Typhoid infections have become an alarming concern with the increase of multidrug resistant strains of Salmonella serovars. The new pathogenic Gram-negative strains are resistant to most antibiotics such as chloramphenicol, ampicillin, trimethoprim, ciprofloxacin and even co-trimoxazole and their derivatives thereby causing numerous outbreaks in the Indian subcontinent, Southeast Asian and African countries. Conventional and modern methods of typing had been adopted to differentiate outbreak strains. However, identifying the most indispensable proteins from the complete set of proteins of the whole genome of Salmonella sp., comprising the Salmonella pathogenicity islands (SPI) responsible for virulence, has remained an ever challenging task. We have adopted a network-based method to figure out, albeit theoretically, the most significant proteins which might be involved in the resistance to antibiotics of the Salmonella sp. An understanding of the above will provide insight into conditions that are encountered by this pathogen during the course of infection, which will further contribute in identifying new targets for antimicrobial agents.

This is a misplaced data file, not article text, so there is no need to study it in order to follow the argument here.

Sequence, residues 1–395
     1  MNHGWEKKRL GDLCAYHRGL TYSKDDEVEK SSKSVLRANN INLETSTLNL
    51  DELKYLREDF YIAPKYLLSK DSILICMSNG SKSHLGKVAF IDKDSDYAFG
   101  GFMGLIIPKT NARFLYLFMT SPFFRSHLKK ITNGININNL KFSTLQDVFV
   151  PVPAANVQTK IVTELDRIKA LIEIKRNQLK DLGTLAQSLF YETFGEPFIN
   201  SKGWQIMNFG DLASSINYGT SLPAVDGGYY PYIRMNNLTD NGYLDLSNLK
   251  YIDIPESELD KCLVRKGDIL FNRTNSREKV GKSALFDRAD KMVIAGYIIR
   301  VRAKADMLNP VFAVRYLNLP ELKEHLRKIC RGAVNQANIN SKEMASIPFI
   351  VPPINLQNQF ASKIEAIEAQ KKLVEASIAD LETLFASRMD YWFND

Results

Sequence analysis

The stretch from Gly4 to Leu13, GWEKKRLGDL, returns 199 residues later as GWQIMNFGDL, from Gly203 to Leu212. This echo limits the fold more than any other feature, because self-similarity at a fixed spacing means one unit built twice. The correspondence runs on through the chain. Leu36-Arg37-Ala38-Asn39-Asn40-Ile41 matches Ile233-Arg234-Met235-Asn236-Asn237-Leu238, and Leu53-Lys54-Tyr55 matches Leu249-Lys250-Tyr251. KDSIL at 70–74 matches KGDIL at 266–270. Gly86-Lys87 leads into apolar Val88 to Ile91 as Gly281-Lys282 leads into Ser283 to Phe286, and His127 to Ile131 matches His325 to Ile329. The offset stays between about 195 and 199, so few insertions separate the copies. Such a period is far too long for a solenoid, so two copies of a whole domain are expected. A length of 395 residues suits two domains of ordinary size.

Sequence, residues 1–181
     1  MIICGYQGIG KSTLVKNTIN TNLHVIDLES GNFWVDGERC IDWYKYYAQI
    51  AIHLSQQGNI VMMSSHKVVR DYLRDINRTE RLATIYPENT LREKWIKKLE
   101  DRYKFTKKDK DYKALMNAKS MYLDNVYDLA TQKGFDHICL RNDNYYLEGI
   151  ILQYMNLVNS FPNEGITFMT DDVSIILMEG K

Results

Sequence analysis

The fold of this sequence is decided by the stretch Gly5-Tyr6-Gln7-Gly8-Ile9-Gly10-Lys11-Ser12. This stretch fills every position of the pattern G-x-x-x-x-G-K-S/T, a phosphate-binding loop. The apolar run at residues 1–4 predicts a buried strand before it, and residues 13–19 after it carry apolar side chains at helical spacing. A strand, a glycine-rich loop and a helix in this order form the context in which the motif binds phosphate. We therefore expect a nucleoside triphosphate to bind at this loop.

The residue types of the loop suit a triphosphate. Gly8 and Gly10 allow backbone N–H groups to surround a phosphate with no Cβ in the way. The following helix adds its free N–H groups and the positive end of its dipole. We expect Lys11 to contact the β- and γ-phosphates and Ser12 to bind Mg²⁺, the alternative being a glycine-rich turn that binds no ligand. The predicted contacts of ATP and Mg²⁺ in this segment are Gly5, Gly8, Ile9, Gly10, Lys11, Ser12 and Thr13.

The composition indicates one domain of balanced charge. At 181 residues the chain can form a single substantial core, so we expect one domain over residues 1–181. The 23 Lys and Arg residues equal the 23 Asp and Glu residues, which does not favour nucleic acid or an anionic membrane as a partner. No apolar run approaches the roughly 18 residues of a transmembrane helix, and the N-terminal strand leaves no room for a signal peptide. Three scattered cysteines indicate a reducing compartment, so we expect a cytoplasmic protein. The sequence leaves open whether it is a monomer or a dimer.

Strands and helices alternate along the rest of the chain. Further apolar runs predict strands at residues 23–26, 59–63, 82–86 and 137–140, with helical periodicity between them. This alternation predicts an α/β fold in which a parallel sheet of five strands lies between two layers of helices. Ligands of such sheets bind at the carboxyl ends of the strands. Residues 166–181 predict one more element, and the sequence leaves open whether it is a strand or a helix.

Part of the book: Current Topics in Salmonella and Salmonellosis